Retail Equation receives patent for providing consumer warnings via return authorization systems
Irvine, Calif. The Retail Equation, an industry leader in retail transaction optimization solutions, received an important patent from the United States Patent and Trademark Office (USPTO). The newly patented technology provides ‘warnings’ for consumers through return authorization systems designed to help a retailer decide whether to accept or deny a merchandise return, and can be issued if a customer’s return patterns exceed the guidelines established through a predictive analytics process.
The patent solidifies The Retail Equation as an industry forerunner in return optimization methods that reduce fraudulent and abusive activity at the retail return counter, while allowing retailers to maintain customer-friendly policies.
The Retail Equation’s patent, number 7,455,226, adds to an industry-leading solution that is far more effective than traditional return practices that fail to consider the activities of the returner. Consumers whose merchandise returns exceed statistically based thresholds developed for each specific retailer can be issued with a warning indicating that future returns may be denied. This allows retailers to provide a much more customer-friendly approach than directly denying the return request, while still giving the shopper a notification that they need to alter their return behavior.
The patent is especially noteworthy for retailers operating in states like Connecticut, where state law requires a warning system when using an electronic-based return authorization system. Presenting the warning to the consumer must be done in one of the following manners: printing the warning; printing the warning on a receipt for the current merchandise return; e-mailing the warning; electronically transmitting the warning; mailing the warning; writing a hand-written warning; displaying the warning or providing a verbal warning.
“Receiving this technology patent affirms our dedication to innovative solutions that reduce return fraud for the retail industry while maintaining excellent customer service,” said Mark Hammond, CEO of The Retail Equation. “A positive experience at the return counter is an important opportunity that is often overlooked. Using this technology, retailers can demonstrate their commitment to their loyal customers while benefiting from improved net sales, reduced shrink, minimized fraud and stronger profit margins.”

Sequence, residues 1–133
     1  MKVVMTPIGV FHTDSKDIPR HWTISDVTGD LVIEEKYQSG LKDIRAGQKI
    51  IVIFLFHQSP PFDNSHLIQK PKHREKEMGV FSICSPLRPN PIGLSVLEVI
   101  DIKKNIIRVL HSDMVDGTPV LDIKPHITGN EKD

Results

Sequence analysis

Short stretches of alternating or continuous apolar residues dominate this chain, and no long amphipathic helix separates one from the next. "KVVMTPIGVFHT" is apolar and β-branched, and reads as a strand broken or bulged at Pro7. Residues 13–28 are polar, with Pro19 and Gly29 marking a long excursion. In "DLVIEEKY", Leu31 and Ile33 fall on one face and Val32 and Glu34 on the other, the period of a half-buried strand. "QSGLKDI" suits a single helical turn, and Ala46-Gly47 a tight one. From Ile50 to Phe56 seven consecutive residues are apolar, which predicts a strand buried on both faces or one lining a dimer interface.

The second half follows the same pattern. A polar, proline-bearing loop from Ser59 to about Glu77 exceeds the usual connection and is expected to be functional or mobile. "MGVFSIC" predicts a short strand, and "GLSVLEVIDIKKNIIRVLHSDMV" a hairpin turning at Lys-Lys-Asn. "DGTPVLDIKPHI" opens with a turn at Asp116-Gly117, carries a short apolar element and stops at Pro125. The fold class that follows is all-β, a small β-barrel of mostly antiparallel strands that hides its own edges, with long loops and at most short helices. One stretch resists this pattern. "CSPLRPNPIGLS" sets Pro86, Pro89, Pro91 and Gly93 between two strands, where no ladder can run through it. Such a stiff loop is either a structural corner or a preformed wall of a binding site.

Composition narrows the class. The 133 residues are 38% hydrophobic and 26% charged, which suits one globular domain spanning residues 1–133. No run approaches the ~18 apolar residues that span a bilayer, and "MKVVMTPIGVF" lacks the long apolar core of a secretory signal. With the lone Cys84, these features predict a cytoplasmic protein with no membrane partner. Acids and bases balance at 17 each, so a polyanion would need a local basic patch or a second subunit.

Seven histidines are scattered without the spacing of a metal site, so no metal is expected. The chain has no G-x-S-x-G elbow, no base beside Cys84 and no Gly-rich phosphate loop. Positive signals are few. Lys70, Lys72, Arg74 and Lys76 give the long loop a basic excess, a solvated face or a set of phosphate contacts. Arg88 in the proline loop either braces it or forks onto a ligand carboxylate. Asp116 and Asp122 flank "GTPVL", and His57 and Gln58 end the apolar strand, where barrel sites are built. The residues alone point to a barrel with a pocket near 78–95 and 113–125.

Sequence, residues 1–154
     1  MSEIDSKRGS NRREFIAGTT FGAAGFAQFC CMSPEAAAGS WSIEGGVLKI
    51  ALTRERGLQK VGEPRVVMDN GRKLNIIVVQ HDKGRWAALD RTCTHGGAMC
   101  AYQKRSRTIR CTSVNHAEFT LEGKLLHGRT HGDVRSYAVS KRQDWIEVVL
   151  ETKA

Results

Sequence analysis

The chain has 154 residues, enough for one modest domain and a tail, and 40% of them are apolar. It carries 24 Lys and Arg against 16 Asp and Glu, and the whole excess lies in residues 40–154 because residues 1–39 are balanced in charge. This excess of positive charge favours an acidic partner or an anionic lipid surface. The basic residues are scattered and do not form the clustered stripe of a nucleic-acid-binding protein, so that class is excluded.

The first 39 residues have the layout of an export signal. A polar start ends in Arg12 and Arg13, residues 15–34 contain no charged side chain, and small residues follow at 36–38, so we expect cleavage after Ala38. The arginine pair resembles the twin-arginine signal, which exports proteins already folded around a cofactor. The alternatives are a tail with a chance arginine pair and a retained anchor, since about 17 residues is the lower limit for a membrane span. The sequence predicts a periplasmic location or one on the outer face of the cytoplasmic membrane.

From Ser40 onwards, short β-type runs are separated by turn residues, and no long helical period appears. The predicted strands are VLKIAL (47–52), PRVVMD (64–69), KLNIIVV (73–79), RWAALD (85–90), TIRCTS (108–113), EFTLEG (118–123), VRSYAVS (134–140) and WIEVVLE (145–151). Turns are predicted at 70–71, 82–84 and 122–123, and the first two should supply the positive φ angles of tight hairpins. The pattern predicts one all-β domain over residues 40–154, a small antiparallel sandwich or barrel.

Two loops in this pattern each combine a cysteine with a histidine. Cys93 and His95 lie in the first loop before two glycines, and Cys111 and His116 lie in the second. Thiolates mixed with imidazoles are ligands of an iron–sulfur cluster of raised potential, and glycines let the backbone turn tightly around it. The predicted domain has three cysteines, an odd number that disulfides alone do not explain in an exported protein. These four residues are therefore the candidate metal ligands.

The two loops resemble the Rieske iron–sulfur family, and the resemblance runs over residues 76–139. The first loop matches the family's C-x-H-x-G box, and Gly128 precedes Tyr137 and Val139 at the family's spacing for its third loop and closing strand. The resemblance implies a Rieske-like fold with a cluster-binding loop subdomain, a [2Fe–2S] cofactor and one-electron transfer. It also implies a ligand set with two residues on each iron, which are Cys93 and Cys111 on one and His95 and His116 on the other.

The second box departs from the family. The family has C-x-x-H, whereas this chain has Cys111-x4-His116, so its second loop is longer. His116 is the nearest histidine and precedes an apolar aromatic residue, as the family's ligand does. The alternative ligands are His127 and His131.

Sears looks to re-brand image with women
HOFFMAN ESTATES, Ill. Sears announced that it has launched “The Many Sides of Me” campaign in order to re-engage women in the Sears brand.
“We have executed against a range of initiatives tied to our strategic pillars that have improved our relevance to customers, including engaging them on a personal level,” said Scott Freidheim, EVP operating and support businesses for Sears Holdings. “With this launch, we’re on a path to ‘Feminize, Energize and Digitize’ the Sears soft side brand positioning.”
As an extension of “The Many Sides of Me” print campaign in key September fashion issues, the brand is also collaborating with leading titles Vogue and Lucky and will be featured on their digital shopping platforms, the company reported. The collaboration will enable customers to shop and buy Sears Fall fashion merchandise on the Vogue Stylist and Lucky at Your Service apps for the Apple iPhone.
Additionally, as part of the ongoing Sears brand strategy of developing personal digital relationships with customers, the campaign features a new digital destination to engage women in the multi-channel “The Many Sides of Me” experience. At TheManySidesOfMe.com, customers can browse the collection, as well as participate in a digital contest that invites women to share their multi-faceted lives and how they make their personal, versatile style work.
Whole Foods launches color-coded seafood rating system
AUSTIN, Texas Whole Foods Market announced that it has launched the first in-store color-coded sustainability-rating program for wild-caught seafood and commits to phasing out all red-rated species by Earth Day 2013.
The company worked with Blue Ocean and Monterey Bay Aquarium to develop an easy-to-follow system to help customers choose sustainable seafood. Species given green ratings are considered relatively abundant and caught in environmentally-friendly ways; those with yellow ratings are considered good alternatives, though some concerns exist with the species’ status or catch methods; red or “avoid” means that for now, the species is suffering from overfishing, or that current fishing methods harm other marine life or habitats.
“At the end of the day, it’s a team effort. Our customers, buyers, fishermen, and fishery managers can all make smart decisions that move us in the direction of greater sustainability. The new color-coded rating system is a transparent way to provide sustainability status information. This new program, along with our promise to phase out red-rated species, deepens our commitment to having fully sustainable seafood departments,” said Carrie Brownstein, Whole Foods Market seafood quality standards coordinator.